This post follows on from here.
Kateb writes: “The defense of worthless and harmful expression must be at the center of the defense of freedom of expression as a fundamental right.”1. Such a principle is ineffective if it does not cover worthless expression like hate speech, so I agree that to defend freedom of expression one must should concentrate their arguments against the cases of expression seen as the most harmful. I have defended the right to civil freedom of expression, but in cases like Malema’s I think society has a responsibility to deal with the problem of hate speech. That does not necessitate that the state get involved, for the reasons I have argued in this essay. Rather, we should prefer another method, such as making the hate-speaker a pariah, or try to reason them away from their position. Whether these methods could work or whether there really is such a means of solving the problem of hate speech is a whole other topic up for discussion. I am optimistic about the prospects, however.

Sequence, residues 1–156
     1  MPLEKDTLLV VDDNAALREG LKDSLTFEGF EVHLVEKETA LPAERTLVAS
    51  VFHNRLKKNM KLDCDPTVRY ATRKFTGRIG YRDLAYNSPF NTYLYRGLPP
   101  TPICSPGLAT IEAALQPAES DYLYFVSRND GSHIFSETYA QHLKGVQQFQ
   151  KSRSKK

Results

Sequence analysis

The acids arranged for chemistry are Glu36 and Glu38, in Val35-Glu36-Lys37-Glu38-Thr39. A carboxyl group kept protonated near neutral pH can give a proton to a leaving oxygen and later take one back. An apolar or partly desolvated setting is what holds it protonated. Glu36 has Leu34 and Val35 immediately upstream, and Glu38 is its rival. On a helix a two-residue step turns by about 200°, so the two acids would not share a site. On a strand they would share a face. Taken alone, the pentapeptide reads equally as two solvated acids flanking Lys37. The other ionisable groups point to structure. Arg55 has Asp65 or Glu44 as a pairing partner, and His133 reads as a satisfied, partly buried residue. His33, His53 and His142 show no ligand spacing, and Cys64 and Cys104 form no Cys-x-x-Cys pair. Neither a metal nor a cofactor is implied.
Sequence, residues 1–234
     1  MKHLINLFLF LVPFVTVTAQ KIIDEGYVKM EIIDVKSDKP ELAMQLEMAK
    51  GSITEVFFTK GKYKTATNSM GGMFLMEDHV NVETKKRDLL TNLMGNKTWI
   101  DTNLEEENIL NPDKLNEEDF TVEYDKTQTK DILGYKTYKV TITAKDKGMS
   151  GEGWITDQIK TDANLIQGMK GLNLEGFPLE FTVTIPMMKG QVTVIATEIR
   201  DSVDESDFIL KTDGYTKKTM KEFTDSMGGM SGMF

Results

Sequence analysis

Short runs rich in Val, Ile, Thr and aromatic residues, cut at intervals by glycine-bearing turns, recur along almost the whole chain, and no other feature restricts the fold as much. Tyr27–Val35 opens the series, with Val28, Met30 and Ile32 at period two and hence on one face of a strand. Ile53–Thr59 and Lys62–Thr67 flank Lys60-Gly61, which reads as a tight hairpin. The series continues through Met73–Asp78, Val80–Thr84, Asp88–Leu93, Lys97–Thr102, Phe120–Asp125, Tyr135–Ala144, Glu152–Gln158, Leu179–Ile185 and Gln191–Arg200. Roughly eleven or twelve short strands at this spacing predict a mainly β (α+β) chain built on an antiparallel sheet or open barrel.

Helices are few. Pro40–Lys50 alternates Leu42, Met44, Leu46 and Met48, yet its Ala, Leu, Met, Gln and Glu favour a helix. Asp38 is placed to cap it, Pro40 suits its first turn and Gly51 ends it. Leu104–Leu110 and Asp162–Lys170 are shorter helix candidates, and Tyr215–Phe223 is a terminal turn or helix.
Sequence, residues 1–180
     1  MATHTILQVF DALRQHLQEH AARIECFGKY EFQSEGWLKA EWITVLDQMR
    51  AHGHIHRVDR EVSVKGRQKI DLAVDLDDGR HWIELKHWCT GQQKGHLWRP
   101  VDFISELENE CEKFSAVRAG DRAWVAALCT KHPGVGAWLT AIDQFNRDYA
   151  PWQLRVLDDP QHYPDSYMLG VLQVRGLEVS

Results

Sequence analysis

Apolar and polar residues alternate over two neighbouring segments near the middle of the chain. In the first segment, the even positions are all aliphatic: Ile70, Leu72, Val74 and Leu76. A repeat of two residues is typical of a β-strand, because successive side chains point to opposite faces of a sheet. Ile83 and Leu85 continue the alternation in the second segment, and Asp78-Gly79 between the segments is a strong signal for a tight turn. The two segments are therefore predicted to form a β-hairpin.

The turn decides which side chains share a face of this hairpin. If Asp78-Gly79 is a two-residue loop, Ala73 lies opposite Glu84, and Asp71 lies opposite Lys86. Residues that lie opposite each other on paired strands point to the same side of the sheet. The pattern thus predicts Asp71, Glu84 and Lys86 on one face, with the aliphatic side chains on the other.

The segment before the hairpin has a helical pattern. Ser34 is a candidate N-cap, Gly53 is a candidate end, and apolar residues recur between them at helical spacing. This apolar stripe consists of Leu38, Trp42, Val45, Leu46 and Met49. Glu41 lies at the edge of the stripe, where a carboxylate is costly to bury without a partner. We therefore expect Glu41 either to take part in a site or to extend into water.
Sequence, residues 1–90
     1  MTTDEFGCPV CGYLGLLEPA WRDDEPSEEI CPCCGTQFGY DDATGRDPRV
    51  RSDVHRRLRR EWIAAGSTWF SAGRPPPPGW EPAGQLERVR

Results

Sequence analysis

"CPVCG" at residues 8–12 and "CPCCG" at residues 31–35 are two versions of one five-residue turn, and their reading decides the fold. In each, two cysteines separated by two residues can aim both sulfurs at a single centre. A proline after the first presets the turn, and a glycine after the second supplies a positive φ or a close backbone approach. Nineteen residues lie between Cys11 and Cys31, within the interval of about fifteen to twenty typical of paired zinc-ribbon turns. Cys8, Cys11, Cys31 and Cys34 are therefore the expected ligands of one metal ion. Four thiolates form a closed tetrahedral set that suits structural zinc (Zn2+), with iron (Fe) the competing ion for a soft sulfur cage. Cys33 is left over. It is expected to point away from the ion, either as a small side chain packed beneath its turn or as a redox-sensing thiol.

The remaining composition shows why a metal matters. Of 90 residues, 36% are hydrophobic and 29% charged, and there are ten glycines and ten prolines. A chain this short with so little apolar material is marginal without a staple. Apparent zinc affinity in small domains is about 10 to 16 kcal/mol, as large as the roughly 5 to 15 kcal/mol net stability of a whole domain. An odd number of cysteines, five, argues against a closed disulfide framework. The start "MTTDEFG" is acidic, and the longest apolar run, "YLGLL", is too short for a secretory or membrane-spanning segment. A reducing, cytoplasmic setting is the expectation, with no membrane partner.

My purpose has been to first defend freedom of expression, (showing why Mill’s arguments are insufficient to cover worthless expression like hate speech, followed by an outline of a rights-based approach to arguing against limitations on such expression) followed by an examination of the reasons for wanting to have state-restrictions on hate speech. I conclude that hate-speakers like Malema and those that destroy the dignity of minorities (as in Waldron’s examples) should be dealt with using methods other than their expression being restricted by the state.
1 Kateb, G., (1989). “The Freedom of Worthless and Harmful Speech,” in Liberalism without Illusions: Essays on Liberal Theory and the Political Vision of Judith N. Shklar, ed. Bernard Yack, Chicago: University of Chicago Press. p.232